Early in Martian history, liquid water energetically carved the surface, forming channel systems that look remarkably similar to river valleys and drainage networks on Earth. Exactly how these channels formed—by rainfall, snowmelt, or seepage from underground springs—is often debated.
The answer has important ramifications about the early Martian climate. Clues about the source of the water may indicate the shape, layout, and scale of the various tributaries in a channel system.
Our image shows an example of just such a water-carved channel. The channel pattern, called “dendritic” because of its tree–like branching, begins at the top of the image and runs down over the rim of an ancient impact basin across the basin floor.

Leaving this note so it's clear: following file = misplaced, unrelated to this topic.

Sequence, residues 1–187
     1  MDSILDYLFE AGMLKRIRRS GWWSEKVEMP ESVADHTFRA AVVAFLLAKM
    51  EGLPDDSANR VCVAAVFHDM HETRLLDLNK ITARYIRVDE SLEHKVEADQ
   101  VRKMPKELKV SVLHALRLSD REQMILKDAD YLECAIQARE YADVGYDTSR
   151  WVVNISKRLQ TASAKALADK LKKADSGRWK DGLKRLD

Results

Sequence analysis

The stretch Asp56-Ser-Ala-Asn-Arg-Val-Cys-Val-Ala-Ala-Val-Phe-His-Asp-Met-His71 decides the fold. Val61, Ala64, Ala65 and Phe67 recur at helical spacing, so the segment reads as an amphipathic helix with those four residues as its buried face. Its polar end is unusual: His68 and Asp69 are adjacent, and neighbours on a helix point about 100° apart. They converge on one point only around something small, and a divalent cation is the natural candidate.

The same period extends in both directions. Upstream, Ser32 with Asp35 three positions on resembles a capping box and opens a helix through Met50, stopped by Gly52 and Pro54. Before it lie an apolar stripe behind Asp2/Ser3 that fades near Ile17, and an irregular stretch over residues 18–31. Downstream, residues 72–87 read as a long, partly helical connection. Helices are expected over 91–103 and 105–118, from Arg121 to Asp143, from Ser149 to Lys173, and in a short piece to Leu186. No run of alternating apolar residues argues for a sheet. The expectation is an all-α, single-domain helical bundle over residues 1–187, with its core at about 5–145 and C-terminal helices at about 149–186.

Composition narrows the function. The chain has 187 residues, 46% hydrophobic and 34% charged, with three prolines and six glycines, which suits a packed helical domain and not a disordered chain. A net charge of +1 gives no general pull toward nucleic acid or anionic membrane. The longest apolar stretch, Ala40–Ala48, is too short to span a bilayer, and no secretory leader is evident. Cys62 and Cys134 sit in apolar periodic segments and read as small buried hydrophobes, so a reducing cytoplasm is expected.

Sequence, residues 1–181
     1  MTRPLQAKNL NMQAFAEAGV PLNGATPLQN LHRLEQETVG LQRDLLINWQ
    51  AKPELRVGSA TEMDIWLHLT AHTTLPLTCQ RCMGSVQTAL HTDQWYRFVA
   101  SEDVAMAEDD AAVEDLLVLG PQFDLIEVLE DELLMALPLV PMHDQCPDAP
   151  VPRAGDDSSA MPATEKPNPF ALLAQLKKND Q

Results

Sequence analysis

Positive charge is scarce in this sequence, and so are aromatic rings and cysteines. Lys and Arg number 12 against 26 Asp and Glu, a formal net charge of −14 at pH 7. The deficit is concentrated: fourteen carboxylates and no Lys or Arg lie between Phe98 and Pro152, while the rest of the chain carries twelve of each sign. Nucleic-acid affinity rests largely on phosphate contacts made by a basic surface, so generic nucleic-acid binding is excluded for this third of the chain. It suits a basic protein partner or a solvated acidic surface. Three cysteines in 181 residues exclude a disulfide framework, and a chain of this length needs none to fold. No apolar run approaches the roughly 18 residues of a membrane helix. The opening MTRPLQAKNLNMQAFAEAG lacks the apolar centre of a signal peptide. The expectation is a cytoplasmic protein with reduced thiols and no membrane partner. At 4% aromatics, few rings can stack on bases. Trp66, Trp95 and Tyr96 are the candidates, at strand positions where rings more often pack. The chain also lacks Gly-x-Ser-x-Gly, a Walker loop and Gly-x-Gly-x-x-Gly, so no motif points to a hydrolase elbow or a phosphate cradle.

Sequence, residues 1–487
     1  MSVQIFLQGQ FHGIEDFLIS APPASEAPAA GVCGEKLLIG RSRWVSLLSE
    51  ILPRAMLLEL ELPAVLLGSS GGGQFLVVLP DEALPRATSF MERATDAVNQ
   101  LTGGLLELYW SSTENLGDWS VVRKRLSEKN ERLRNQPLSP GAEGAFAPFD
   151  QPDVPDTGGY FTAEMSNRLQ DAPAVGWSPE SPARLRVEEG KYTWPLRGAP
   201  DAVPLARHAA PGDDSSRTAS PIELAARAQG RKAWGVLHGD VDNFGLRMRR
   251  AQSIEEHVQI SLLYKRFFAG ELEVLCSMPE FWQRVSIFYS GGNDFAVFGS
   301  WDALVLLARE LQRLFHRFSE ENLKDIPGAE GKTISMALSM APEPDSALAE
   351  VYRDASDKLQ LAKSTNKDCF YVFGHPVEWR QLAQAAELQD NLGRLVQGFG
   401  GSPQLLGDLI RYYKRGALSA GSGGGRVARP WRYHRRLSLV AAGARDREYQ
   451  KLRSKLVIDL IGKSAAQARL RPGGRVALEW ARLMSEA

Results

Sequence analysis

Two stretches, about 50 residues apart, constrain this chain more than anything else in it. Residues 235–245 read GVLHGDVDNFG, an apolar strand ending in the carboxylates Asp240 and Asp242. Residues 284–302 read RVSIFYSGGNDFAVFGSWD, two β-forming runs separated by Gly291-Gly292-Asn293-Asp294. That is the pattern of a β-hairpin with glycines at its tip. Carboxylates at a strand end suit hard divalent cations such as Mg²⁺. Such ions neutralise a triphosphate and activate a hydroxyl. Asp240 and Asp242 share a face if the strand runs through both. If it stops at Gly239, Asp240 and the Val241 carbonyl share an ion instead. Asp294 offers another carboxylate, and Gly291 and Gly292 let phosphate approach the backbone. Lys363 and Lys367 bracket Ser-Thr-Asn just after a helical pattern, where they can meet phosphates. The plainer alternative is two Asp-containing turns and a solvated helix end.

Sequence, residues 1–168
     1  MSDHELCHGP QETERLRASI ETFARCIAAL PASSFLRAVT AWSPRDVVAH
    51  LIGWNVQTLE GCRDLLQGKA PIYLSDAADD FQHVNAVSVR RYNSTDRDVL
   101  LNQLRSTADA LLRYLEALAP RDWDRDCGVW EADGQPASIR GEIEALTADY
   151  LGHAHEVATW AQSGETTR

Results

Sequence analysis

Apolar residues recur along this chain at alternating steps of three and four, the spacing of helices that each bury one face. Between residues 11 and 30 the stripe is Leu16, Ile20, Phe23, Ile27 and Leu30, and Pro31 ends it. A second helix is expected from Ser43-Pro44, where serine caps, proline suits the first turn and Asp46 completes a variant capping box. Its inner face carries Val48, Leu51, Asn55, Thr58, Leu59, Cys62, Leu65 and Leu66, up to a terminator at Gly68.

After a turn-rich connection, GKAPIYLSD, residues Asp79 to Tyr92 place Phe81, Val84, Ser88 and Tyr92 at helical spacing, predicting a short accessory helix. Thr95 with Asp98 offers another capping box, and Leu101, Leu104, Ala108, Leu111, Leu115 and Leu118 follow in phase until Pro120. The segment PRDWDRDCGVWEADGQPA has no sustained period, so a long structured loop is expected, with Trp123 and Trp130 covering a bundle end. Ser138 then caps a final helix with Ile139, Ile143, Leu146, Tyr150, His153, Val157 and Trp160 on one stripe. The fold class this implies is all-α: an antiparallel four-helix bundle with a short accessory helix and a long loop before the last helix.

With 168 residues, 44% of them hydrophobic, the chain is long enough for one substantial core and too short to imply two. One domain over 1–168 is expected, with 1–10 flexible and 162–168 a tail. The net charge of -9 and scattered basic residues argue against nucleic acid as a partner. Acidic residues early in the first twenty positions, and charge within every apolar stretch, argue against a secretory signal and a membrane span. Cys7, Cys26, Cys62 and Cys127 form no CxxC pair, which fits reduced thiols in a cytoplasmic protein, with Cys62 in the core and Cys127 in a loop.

The soil surface overlying these channels, and indeed the entire landscape, has been changed and reworked over the intervening millions of years, by the combined actions of wind and ice. Over time, the original channels become muted or even erased. Nevertheless, some characteristics of the smallest tributary channels are still visible at scales seen by HiRISE.
Written by: Mike Mellon (audio: Tre Gibbs) (13 January 2016)
More info and image formats at http://hirise.lpl.arizona.edu/ESP_042924_2195
Image: NASA/JPL/University of Arizona